Ron Reagan Jr. Stokes Stem Cell Debate
Some Stem Cell Scientists Say He Oversold the Promise of Cures
July 28, 2004 -- The son of the Republican Party's most revered modern president set the stage at the Democratic National Convention Tuesday night to promote the promise of embryonic stem cell research.
A day later, some leading stem cell scientists say that the speech's enthusiastic endorsement may have oversold the controversial research's hope of finding disease cures any time soon.
Ron Reagan Jr., son of the late former Republican President Ronald Reagan, addressed the enthusiastic Democratic crowd in Boston, criticizing stem cell research opponents for standing in the way of scientific progress in favor of political ideology.
Reagan did not mention in his prime-time speech his father's recent death at age 93 from Alzheimer's disease or the vocal support of his mother, former first lady Nancy Reagan, for stem cell studies.
But he did invoke the series of diseases that many researchers say could be mitigated or cured by harnessing stem cells' ability to differentiate into nearly any kind of human tissue, including Parkinson's disease, diabetes, multiple sclerosis, and spinal cord injuries.
Reagan described a process involving so-called 'therapeutic cloning,' where a nucleus from a patient's skin cell is placed inside an egg cell and coaxed to begin dividing. The resulting embryo could then yield stem cells, potentially offering a supply of new tissue with DNA identical to the patient's.
"In other words, you're cured," he said.
"How would you like to have your own personal biological repair kit waiting for you at the hospital?" Reagan asked the audience. "Now it may be in our power to put an end to this suffering. We need only try," he said.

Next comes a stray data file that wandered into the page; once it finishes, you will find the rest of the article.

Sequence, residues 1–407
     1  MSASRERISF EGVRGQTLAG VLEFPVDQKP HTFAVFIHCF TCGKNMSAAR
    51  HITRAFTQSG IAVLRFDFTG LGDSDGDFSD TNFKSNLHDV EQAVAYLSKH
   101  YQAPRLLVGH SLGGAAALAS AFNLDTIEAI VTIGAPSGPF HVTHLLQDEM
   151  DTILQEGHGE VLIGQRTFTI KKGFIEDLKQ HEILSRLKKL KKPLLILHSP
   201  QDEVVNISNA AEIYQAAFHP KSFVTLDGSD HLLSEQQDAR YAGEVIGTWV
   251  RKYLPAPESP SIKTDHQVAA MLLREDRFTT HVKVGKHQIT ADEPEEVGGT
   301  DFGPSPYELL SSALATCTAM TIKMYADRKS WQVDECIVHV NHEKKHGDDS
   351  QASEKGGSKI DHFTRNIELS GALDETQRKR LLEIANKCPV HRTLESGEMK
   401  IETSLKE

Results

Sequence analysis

Reagan was stepping into a debate that has gripped scientists, lawmakers, and presidents for years: What are the ethical limits to embryonic stem cell research, which can require the destruction of an early human embryo, and how are those limits balanced with their potential to cure dreaded diseases?
The Bush campaign responded to the speech by questioning the ethics of using embryos to eventually repair human tissue. "What are these embryos that you're creating to make your spare parts? Are they life or are they not?" says Megan Hauck, deputy policy director for Bush/Cheney 2004, in an interview.
President Bush had his say in August 2001, when he issued an executive order limiting federally funded research to some 74 stem cell lines that were already in existence at the time. The decision pleased many pro-life groups but worried scientists, who now point out that less than 20 of the lines are of use for studies and that Bush's decision slowed research progress.
The National Institutes of Health has since spent upwards of $60 million on the research, according to the agency.
The decision touched off a debate which has since deadlocked Capitol Hill. A majority of U.S. senators, including notable pro-life lawmakers such as Sens. Orrin Hatch (R-Utah) and Trent Lott (R-Miss.) support expanding research. But not enough lawmakers have joined the effort yet to repeal Bush's policy.